My eyes glaze over and I imagine good old Andy Goldberg or Goldstein alongside me, eyes hooded, hoody woven, and mind blown. I can’t imagine what he’d make of all of this or what I would have made of it back when I was smoking joints in the parking lot behind Genuardi’s grocery store. MedMen is a company run by people who have professional headshots taken of themselves, who slay with PowerPoint, and have, I can just tell this is true, the ability to sit in on countless conference calls in windowless rooms for endless hours without feeling one spark of discomfort. Cannabis is now grown and sold by The Man.
The truth is, I have zero chill now and have never had any chill. I remember sneaking into the house late one night after hitting Andy’s glass-dragon bong pretty hard and finding my mom waiting up for me. She might just have been up. I think a normal teenager would have sought to dodge-and-evade but I, in my weird goody goody two shoes rebellion, said something like, “Mom, I’m so so high!” I don’t know what I was looking for. It certainly wasn’t her response, which was: “That’s nice, Josh. You should just go to bed.”
The thing is, my mom was a stone-cold hippie and had been once since forever. One of her most prized possessions was a purple velvet pillow supposedly made from Janis Joplin’s drapes. Once, while driving her 1992 Geo Prism, my mom told me that during law school she had dropped acid twice a week – on Tuesdays and Thursdays — for three years. Terrified, I made her roll up the windows lest a passerby overheard and narc’d.
The point is, my presumption that weed belongs to the people is bound up in a history to which my children will have no direct experiences. I am part of the generation that inherited dope’s cultural signifiers from the Woodstock crowd, but never went and got muddy. The scene was different but the spirit was the same. I inherited the velvet pillow. One of my sons will take it next, but I wonder what he’ll make of it. It’ll look odd next to his smartly designed pre-rolls or next-gen vape. For as cannabis becomes a product, rebels have become just another consumer demographic to target. As decades pass, Joplin starts to look more like an angel investor than a rock martyr.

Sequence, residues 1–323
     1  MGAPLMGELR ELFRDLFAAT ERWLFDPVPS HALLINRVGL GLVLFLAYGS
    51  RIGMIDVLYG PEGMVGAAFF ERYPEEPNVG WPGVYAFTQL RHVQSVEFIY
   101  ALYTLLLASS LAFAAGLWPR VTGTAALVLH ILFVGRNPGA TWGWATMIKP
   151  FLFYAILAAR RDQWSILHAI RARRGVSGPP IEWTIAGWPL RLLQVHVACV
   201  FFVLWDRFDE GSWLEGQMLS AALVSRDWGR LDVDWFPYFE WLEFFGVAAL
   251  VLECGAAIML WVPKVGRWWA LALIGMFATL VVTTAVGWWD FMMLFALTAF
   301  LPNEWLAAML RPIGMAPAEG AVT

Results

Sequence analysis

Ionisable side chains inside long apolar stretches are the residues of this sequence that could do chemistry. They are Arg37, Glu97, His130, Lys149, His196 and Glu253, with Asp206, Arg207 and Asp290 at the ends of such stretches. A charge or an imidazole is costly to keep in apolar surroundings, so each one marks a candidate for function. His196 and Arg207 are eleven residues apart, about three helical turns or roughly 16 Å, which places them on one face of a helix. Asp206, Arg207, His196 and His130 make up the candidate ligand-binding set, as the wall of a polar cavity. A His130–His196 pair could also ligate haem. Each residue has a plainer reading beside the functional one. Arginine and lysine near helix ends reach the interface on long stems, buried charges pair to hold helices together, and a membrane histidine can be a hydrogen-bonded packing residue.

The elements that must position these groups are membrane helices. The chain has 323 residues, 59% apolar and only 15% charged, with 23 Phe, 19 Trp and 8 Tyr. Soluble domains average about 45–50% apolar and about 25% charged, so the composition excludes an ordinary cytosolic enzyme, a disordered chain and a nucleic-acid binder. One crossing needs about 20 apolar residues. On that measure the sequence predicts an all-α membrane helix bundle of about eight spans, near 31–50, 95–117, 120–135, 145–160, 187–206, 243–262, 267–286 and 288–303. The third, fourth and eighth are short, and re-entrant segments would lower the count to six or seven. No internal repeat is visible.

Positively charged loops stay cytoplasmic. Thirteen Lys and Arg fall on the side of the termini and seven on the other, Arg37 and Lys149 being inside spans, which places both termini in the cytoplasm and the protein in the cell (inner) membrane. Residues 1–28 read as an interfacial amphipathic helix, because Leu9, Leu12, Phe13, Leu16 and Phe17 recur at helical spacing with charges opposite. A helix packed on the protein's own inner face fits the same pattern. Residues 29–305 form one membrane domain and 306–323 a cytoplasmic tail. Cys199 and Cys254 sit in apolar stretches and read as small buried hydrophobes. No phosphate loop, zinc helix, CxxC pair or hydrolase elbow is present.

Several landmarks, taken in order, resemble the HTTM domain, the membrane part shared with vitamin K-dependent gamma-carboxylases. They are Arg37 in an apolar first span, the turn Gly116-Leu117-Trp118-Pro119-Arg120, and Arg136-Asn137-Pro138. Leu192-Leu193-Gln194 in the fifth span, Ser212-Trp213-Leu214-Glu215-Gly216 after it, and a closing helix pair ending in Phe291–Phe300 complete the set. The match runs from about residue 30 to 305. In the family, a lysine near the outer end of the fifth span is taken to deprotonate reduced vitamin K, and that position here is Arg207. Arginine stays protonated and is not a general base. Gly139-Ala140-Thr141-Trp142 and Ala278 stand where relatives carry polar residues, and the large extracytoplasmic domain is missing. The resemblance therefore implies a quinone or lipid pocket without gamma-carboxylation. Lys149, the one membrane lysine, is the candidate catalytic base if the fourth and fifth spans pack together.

A few nights after I got back from Vegas — after my boys and I read The Phantom Tollbooth, which is pretty trippy — I took out one of MedMen’s vape pens. A thin green band around the brushed copper base meant that it was Zen, a [Statemade] blend that, according to MedMen’s website, “will bring you the peace you seek, [allow you to] enter a higher state of consciousness.”
I checked on the kids to make sure they were asleep, took to the couch and inhaled. I sucked in the flameless smoke and tried to see the future.
I’m reasonably certain that I’ll be more strict than my mother was when it came to cannabis. But it won’t be out of any sort of fear. I know that I won’t want my boys to consume corporate cannabis because it feels too ironic for comfort, my sons padding the bank accounts of the suits I rebelled against one joint at a time. Sitting in my dark living room and pulling on my pen, I thought of Andy, forever pimply and chubby and cool. I felt sorry for my kids, who will never meet any iteration of that guy. Then another thought crept into my head. This is good stuff. I took another hit, and fell asleep.